Whether you are a senior or helping to care for one, the first thing to realize in fall prevention is the importance of removing tripping hazards.  Number one among these?  Area rugs.  It is so easy for the rug to slip out from underneath a walker.  Feet can get tangled up.  Rugs can bunch creating a tripping hazard.  If possible, area rugs should be removed.  If there is one that is a particular favorite, try to have it placed in an area of low traffic.


Electric cords and extension cords create the same potential accident situations.  Always run the cords around the outside of the room and not in heavily trafficked areas or maybe find a wireless solution.


Another obstacle fairly common in many homes is clutter.  Same as above – massive tripping hazards.  Try to keep walking areas clear.


Pets. Well, who can live without her cat or dog for company?  But perhaps some obedience training can help.  Try teaching the dog not to jump, and to always follow the owner (heel), even in the home and especially on stairs.  This is good advice for staying in or for walking the dog.  (PS – while walking outside, watch carefully for cracks in the sidewalk that are just ready to grab the toe of your shoe!)  And make sure the dog sits still and waits for the food bowl before diving in.


Low toilet seats for older knees can be a problem.  This one is easily remedied.  The purchase of a raised toilet seat attached to the porcelain seat can work wonders.  Some are just seats, while others have hand rails that help greatly with raising and lowering the body.  The cost runs anywhere between $15 and $50, so a simple and affordable investment in you or your loved one’s long-term health.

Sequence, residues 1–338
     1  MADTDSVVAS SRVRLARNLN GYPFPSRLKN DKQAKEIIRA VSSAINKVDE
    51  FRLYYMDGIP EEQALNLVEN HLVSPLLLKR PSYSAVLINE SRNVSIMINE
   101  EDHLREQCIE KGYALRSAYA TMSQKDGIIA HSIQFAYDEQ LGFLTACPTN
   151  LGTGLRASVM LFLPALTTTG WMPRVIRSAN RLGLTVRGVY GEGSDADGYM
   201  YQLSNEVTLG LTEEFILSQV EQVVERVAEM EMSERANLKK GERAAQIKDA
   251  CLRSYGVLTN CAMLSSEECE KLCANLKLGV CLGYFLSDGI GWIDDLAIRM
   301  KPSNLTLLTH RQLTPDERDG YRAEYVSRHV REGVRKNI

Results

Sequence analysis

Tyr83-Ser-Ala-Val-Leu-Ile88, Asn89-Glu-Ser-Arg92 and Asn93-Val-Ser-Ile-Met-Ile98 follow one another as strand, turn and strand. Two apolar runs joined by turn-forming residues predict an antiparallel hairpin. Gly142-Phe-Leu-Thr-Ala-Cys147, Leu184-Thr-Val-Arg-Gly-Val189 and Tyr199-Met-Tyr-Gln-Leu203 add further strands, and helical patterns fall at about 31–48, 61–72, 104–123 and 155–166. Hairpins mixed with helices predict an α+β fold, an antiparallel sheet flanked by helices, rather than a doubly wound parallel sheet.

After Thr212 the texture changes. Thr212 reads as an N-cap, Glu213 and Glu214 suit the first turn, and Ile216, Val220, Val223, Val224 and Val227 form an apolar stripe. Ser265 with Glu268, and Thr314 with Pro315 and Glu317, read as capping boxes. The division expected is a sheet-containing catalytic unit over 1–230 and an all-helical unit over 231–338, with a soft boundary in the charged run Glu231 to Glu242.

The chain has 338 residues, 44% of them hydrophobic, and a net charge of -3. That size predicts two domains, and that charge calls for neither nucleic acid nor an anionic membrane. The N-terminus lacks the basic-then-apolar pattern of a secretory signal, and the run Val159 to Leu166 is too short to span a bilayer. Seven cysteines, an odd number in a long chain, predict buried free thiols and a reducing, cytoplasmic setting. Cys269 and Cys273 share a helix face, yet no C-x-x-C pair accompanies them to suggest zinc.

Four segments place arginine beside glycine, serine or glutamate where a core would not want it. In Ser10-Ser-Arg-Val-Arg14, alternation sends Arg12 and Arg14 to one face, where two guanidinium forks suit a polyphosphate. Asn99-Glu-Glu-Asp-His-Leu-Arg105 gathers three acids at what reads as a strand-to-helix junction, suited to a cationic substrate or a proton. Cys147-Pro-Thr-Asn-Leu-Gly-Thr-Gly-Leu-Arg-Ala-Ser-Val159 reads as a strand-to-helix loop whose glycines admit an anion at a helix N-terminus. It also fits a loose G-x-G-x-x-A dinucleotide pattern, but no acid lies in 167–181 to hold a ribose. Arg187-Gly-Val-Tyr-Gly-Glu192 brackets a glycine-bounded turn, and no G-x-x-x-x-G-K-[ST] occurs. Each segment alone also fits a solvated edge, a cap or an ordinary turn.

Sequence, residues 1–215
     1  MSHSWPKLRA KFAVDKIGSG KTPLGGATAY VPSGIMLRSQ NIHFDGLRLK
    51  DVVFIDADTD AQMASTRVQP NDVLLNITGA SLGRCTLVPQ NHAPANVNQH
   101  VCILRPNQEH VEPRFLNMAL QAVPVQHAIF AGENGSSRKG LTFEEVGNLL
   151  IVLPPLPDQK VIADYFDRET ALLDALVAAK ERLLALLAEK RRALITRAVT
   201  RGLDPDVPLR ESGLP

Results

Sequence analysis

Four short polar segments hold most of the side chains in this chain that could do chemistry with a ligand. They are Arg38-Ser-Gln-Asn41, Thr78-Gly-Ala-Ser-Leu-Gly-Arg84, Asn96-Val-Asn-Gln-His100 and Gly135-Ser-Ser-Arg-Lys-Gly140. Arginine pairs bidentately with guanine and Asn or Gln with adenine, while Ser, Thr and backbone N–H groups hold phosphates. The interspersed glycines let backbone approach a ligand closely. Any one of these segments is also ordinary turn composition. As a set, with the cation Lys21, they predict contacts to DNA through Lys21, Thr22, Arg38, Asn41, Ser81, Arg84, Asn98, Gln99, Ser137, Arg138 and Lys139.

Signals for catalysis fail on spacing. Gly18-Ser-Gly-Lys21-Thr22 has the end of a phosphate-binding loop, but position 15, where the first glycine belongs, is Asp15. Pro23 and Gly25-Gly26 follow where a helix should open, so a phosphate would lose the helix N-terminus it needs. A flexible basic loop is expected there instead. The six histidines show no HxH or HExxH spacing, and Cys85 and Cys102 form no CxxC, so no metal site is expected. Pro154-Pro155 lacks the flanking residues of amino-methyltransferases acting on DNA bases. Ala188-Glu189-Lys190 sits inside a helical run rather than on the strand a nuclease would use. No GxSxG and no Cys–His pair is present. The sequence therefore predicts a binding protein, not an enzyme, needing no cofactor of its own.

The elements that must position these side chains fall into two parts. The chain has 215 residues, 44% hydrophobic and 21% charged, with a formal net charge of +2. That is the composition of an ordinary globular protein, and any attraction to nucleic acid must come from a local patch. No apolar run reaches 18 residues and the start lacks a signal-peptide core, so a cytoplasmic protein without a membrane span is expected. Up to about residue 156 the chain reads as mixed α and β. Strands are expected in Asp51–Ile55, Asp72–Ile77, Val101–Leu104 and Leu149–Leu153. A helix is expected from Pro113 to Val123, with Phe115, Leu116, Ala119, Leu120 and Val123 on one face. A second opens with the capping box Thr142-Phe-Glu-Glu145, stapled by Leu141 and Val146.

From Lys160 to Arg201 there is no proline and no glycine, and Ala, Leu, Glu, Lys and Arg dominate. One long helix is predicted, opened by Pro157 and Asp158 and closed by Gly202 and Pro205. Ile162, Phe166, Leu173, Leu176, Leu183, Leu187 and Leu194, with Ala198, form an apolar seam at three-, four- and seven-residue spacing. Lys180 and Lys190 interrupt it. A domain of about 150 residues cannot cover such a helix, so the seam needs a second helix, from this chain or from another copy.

Lighting can cause issues too.  Try to keep walking areas well lit.  Steep stairs, slopey driveways and unstable tables and chairs can also be treacherous.  Just pay attention, replace what you can and be aware of the danger.


Despite our best intentions, accidents will happen.  Please know there are resources in your community to help you if you’re at home with an injury.  Central New Hampshire VNA & Hospice provides professional nursing care, LNA services, and Physical Therapy in the home.  Others provide homemaking, meal preparation, socialization and pet care.  Don’t be afraid to reach out.  The most important thing is to recover, and recover well.  We are here for you.



Pittsfield School Board

February 1, 2018

Submitted By Ralph Odell


The meeting began with a Site Council request for a modification of the senior release policy. Modifying the guidelines would allow seniors in good academic standing greater flexibility to utilize their time. Secondly, a group of seniors provided a presentation for a senior trip of white water rafting to Wells Forks Maine, it was approved. 


Mrs. Brown, Director of College and Career Readiness, reported that on January 17 a program involving several community colleges within NH offered admission interviews for 17 students. The vast majority of seniors have now developed opportunities to further their education. A career exploration hospitality field trip for 17 students to visit three businesses in Manchester was recently held. To ensure the promotion of eighth graders into high school a group of a faculty are monitoring their progress and giving assistance.


Mrs. Chassie provided updates of Special Education Activities. Extended year programs are being developed by a group of faculty in conjunction with parents for appropriate students. Professional growth and Evaluation Plans are underway evaluating new faculty and developing plans for professional growth. 


Kathy LeMay reported that the Early Childhood Consortium of Pittsfield is preparing family resource centers to be placed in the laundromats in town. These materials will be available to town residents. She also described efforts to identify struggling students and develop plans for their success.